This confirms the findings of a Swedish National Food Authority study, published on 24 April, showing that acrylamide is present in a wide range of foods. The FSA commissioned its own study to see if the findings could be replicated.
Acrylamide in food appears to be formed naturally in the cooking process and is likely to have been present since these cooking methods have been used. The chemistry by which it is formed in food is not understood and there is little scientific knowledge on its possible effects on people's health through consumption of food.
It is not known if there is a link between acrylamide in food and cancer. However, since acrylamide is classified as a genotoxic carcinogen, the Agency's view is that it should not be present in foods or, if it cannot be removed, that it should only be present at the lowest possible levels. Based on current knowledge and its likely presence in a wide number of foods, there are no practical ways in which that might be achieved. Any possible risks from acrylamide in food would result from long term exposure.
The Food Standards Agency is not recommending that people change their diet on the basis of this evidence and our current understanding. Nor is it advising people to stop consuming any of the food tested or change how they cook food.
The Agency continues to advise that people should eat a balanced diet and that eating a wide variety of fruit and vegetables provides wider health benefits and helps to protect against some forms of cancer.
The Agency will be contributing to international efforts to develop an understanding of acrylamide in food. There is an expert European scientific committee meeting today, 17 May, and a World Health Organisation (WHO) meeting at the end of June, to take this forward. The Agency, together with its expert scientific advisers and other stakeholders, is looking at what steps could be taken in the UK and will issue any advice if appropriate.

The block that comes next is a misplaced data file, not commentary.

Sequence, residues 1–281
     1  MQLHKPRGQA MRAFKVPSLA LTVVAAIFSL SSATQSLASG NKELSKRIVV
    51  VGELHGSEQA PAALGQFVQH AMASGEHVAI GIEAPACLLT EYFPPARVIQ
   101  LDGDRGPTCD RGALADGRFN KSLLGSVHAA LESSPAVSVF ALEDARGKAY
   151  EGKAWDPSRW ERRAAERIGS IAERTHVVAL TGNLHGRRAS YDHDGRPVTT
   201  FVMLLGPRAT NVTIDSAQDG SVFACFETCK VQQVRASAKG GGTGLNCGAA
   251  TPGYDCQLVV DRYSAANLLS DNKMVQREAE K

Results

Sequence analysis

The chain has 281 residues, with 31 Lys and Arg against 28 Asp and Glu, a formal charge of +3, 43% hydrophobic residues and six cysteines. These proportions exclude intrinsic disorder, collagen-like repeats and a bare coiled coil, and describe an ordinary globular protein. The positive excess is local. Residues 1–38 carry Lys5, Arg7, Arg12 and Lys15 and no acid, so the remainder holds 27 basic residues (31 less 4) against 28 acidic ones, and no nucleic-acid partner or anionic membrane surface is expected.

Dr Andrew Wadge, FSA Head of Chemical Safety and Toxicology said:
" We are all exposed to natural chemicals that make up the food we eat. Some, like those in fruit and vegetables, are thought to help prevent cancer. Others could be harmful. Obviously we want to do everything we can to reduce or remove potentially harmful substances from food. At this stage it is too early to identify either the effects of acrylamide in food on people or even how it is formed in processes such as baking, frying, grilling or roasting.
" It is likely that any risks from acrylamide are not new and we have probably been exposed to them in food for generations. What is important now is to identify what research is required to help us understand the formation of acrylamide, how it might affect people, and what may need to be done as a result of that work.
" We are not recommending that people change either their diet or cooking methods as a result of these studies. We are recommending that people should eat a balanced diet and a wide variety of fruit and vegetables."